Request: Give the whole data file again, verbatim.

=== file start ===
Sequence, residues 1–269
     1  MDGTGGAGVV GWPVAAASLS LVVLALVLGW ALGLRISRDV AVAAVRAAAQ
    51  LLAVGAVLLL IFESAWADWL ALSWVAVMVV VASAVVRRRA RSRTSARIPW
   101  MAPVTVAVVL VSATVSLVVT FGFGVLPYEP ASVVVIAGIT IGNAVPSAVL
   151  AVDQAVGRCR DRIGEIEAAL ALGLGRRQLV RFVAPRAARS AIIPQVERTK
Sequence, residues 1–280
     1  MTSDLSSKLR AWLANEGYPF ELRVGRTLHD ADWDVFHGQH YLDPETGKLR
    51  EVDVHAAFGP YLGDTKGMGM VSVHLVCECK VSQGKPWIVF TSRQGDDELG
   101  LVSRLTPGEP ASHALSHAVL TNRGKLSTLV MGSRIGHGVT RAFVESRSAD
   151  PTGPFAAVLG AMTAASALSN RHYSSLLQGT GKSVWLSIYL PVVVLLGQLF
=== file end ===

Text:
Sequence, residues 1–269
     1  MDGTGGAGVV GWPVAAASLS LVVLALVLGW ALGLRISRDV AVAAVRAAAQ
    51  LLAVGAVLLL IFESAWADWL ALSWVAVMVV VASAVVRRRA RSRTSARIPW
   101  MAPVTVAVVL VSATVSLVVT FGFGVLPYEP ASVVVIAGIT IGNAVPSAVL
   151  AVDQAVGRCR DRIGEIEAAL ALGLGRRQLV RFVAPRAARS AIIPQVERTK
Sequence, residues 1–280
     1  MTSDLSSKLR AWLANEGYPF ELRVGRTLHD ADWDVFHGQH YLDPETGKLR
    51  EVDVHAAFGP YLGDTKGMGM VSVHLVCECK VSQGKPWIVF TSRQGDDELG
   101  LVSRLTPGEP ASHALSHAVL TNRGKLSTLV MGSRIGHGVT RAFVESRSAD
   151  PTGPFAAVLG AMTAASALSN RHYSSLLQGT GKSVWLSIYL PVVVLLGQLF